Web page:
The California State University’s faculty union announced Wednesday that its members have authorized a strike amid a deadlock with the CSU administration over pay increases.
Members of the California Faculty Association, including Cal Poly faculty, voted 94 percent in favor of striking if a deal can’t be reached with the CSU on pay hikes by the end of the year. The union represents 25,000 faculty, counselors, librarians and coaches across the 23 California State University campuses, including about 1,500 Cal Poly employees.
The union is seeking a 5 percent raise, along with a 2.7 percent pay bump based on years of service. The CSU administration has offered 2 percent for this academic year.
A strike wouldn’t happen until January at the earliest, according to the faculty union. That’s because the union is required to wait until a fact-finding process, conducted by a neutral third party, is explored. Fact-finding hearings are scheduled for Nov. 23 and Dec. 7.
The union has not yet revealed what type of strike it could employ. The campuses of CSU Dominguez Hills and CSU East Bay conducted one-day strikes in 2011.
A strike is the nuclear option. It literally is the last thing we want to do. I truly hope it can be avoided.
Graham Archer, Cal Poly faculty union president
Graham Archer, Cal Poly’s faculty union president, said faculty members are “mad as hell” because the CSU administration has repeatedly come to the bargaining table with the same 2 percent-raise offer since negotiations began in May. Cal Poly’s union expects to know how many of its members voted in the next few days, but it won’t be releasing the percentage of members who voted “yes” to authorize a strike.
“A strike is the nuclear option,” Archer said. “It literally is the last thing we want to do. I truly hope it can be avoided. However, the seven years of abysmal-to-no raises for faculty cannot continue. We may have little option but to strike.”
Union members from Cal Poly and other CSU campuses are planning to attend the CSU Board of Trustees meeting Nov. 17 in Long Beach to rally in support of a 5 percent raise.
“Our faculty are ready for their voices to be heard,” said Jere Ramsey, the Cal Poly union’s faculty rights representative.
During a visit Tuesday to Cal Poly, CSU Chancellor Timothy P. White said he couldn’t comment on details of the bargaining, but said that the budget needs to be balanced while the CSU addresses a variety of expenses.
He has cited the need to better fund student aid, campus infrastructure, legal costs, labs and educational facilities, and plans to boosts graduation rates.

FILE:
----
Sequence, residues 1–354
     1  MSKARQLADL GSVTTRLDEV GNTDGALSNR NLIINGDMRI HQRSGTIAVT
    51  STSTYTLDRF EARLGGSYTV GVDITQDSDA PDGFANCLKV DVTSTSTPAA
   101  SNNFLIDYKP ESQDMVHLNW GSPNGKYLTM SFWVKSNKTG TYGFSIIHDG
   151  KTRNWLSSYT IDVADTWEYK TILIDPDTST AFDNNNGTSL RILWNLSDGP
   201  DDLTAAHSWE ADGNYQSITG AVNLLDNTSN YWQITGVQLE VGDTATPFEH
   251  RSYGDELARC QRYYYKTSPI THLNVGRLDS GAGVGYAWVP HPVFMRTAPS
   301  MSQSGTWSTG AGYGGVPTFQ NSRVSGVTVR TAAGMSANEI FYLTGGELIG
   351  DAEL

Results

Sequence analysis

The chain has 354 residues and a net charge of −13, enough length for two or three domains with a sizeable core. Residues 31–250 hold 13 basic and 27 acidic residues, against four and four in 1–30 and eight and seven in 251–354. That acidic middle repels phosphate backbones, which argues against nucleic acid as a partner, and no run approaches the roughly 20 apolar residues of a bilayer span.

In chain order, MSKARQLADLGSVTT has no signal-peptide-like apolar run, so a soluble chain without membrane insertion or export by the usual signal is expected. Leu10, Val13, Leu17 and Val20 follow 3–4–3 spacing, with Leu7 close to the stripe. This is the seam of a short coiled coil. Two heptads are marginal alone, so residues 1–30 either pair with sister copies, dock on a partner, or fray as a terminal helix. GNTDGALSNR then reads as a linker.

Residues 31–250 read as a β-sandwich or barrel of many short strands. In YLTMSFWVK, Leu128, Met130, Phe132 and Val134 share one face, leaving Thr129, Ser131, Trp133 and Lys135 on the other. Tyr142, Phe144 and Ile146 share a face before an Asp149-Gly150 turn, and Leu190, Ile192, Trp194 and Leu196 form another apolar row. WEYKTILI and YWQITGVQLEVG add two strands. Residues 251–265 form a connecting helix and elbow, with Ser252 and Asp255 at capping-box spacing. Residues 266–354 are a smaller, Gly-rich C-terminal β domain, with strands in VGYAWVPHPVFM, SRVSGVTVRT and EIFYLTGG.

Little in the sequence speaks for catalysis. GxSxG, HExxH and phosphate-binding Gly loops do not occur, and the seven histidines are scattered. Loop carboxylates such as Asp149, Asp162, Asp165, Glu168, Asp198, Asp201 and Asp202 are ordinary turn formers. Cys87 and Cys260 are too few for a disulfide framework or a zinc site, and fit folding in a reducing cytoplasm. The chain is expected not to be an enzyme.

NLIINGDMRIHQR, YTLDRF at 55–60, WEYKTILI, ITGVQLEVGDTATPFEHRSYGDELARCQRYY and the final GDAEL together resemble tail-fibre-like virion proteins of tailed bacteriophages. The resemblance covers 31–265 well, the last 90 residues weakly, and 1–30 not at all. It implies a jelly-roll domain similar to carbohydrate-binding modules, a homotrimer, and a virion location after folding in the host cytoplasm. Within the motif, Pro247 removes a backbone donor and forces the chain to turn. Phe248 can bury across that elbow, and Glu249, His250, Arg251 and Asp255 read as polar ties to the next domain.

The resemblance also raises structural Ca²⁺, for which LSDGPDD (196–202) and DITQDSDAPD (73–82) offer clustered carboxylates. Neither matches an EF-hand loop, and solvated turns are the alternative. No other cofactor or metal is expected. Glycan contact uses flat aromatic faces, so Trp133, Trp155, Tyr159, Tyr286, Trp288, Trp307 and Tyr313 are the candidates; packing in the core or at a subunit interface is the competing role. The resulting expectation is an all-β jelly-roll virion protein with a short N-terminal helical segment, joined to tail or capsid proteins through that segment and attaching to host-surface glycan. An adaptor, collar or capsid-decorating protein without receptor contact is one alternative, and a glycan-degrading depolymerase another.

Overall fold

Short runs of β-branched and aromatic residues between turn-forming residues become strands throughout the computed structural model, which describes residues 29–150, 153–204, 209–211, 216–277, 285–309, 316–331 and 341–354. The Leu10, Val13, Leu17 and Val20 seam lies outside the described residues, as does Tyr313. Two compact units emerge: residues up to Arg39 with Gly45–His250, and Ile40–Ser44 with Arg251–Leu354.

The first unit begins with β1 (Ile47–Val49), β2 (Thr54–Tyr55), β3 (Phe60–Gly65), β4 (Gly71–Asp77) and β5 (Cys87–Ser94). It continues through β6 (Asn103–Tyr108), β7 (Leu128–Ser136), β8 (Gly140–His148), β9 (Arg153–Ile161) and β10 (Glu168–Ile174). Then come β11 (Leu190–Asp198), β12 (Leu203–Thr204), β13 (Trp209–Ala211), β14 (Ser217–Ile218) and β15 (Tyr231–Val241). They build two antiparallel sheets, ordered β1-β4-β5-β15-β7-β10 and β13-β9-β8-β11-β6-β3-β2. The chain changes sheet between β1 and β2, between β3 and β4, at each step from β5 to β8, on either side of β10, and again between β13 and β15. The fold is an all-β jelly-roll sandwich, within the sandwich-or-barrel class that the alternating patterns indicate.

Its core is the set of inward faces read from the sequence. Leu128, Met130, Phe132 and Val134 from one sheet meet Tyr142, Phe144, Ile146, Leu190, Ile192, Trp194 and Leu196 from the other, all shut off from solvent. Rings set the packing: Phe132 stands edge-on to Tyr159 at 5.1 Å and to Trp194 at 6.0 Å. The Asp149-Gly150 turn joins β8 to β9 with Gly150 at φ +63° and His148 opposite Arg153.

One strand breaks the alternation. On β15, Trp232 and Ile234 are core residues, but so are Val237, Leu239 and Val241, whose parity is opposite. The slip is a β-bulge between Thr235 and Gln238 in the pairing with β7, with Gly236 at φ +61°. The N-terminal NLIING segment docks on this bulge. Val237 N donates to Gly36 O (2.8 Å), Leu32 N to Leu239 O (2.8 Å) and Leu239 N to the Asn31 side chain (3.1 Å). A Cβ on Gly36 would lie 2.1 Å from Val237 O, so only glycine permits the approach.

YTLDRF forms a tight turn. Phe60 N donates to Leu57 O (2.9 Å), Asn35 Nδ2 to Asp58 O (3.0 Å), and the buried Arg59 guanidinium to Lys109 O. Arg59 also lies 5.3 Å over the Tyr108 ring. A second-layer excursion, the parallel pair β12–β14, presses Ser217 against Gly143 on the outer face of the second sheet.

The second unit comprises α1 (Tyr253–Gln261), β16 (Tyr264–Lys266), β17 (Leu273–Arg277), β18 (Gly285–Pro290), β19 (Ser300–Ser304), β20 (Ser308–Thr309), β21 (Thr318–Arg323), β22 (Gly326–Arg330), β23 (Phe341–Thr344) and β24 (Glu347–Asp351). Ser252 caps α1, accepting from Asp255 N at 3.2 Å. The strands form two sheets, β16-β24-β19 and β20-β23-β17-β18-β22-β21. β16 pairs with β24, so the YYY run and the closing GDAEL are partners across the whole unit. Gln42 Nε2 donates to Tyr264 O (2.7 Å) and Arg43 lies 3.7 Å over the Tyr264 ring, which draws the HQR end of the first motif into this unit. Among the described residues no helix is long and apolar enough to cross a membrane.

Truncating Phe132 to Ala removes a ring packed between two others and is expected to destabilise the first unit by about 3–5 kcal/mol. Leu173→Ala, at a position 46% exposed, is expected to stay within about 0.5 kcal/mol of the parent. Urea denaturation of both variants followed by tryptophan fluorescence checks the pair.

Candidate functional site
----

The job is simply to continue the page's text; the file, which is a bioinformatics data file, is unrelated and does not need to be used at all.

White said he wishes he could “cure our financial ills overnight, but the reality is that we’re $200 million below where we were at the beginning of the recession.”
“We have $2 billion in deferred maintenance costs,” White said.
CSU spokeswoman Toni Molle wrote in an email Wednesday that over the past two years, CSU has invested $129.6 million in compensation, with $65.5 million dollars of that going to faculty.
“The CSU remains committed to the collective bargaining process and reaching a negotiated agreement with the California Faculty Association,” Molle said.
A strike would not be in the best interest of our students.
Toni Molle, CSU spokesman
Molle said “2 percent is what was budgeted and what has been approved by our board.” She said a 2 percent raise would equate to $32.8 million in increased budget expenditures compared with $101.7 million if the CSU meets the union’s proposal.
“A strike would not be in the best interest of our students,” Molle added.
At Cal Poly, the university is spending $1.5 million in discretionary funding to give raises to 300 staff and 316 faculty members. Last year, it allocated $500,000 to faculty and staff raises.
Although the extra money is welcome, said Archer, the faculty union president, it doesn’t go far enough. He said years of stagnant pay during the recession has left most faculty struggling to keep up with the cost of living on the Central Coast.
“The strike vote result sends the strongest possible message to the chancellor that the faculty are fed up with the status quo,” Archer said. “Coming to the bargaining table with the same offer we rejected last (school) year is an insult.”